BY ALLISON LEVITSKY
Daily Post Staff Writer
Recreational marijuana was legalized in November with the passage of California Proposition 64, but if Palo Alto’s Planning and Transportation Commission has its way, pot shops will not open up in the city anytime soon.
The commission voted unanimously Wednesday night to recommend continuing a 1997 ban on dispensaries and other commercial cannabis-related activity, including growing, testing and manufacturing.
The exception to the rule, intended to protect those who use cannabis to treat ailments like cancer and chronic pain, would be home deliveries by businesses located outside the city.
The city’s ban on personal cultivation of marijuana is set to end in November. The recommended ordinance allows home cultivation along the lines of state law, which allows for up to six plants growing in a locked space that can’t be seen by the public.
An outdoor backyard grow operation would be allowable under this rule, as long as the cultivator’s backyard gates locked and the plants couldn’t be seen from the sidewalk. If a neighbor could see them from another backyard, that would be allowable, the commission decided.
Another idea rejected
Commissioners shot down a proposed requirement to grow the plants in a separate structure.
Commissioner Doria Summa said requiring an external structure for grow operations seemed “a little bit silly and I don’t see it as improving anything for anybody, really.”
Who would enforce violations of the city’s cannabis laws remains to be seen. Under state law, enforcement would be relegated to local agencies, which could mean police or city code enforcement, according to Tim Shimizu, deputy city attorney.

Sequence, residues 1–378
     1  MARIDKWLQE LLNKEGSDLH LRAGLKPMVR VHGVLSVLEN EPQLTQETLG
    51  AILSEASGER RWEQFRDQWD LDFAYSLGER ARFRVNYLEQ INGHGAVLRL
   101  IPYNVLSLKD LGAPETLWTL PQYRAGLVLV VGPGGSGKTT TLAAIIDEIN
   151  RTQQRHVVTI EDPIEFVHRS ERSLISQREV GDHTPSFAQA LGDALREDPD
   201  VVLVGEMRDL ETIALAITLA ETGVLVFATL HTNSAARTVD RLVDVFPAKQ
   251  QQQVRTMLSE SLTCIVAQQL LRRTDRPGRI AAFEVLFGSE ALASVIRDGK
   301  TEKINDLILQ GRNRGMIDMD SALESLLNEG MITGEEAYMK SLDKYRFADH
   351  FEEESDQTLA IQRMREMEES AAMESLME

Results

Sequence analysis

The city may also decide to impose an excise tax on cannabis deliveries, Shimizu said.
A ‘gateway drug’
Rita Burrell, a nurse, spoke in favor of continuing the pot shop ban, citing marijuana’s reputation as a “gateway drug.”
“A client told me about a friend of her 18-year-old son that was able to get a medical marijuana card on Facebook for $10, and now is happily supplying all of his friends with marijuana,” Burrell said. “If people have to stop and think and maybe drive to Redwood City or San Jose, or get it in the mail, then maybe that will stop some impulsive behavior of trying the drug right now.”
Commissioner Eric Rosenblum said he wanted to see a study of how Palo Altans voted on Prop. 64 and on the impact of dispensaries on other California cities.
“I don’t think we want to neglect our duty and just let the doors fly open without having studied this,” Rosenblum said. “I am a little troubled that in 20 years, knowing this is coming, we haven’t studied this.”
Commissioner Ed Lauing agreed. “I don’t know how easy it is to get a medical marijuana card. It sounds pretty easy,” Lauing said. “It’s the Wild West, so let’s just kind of figure out what’s going on.”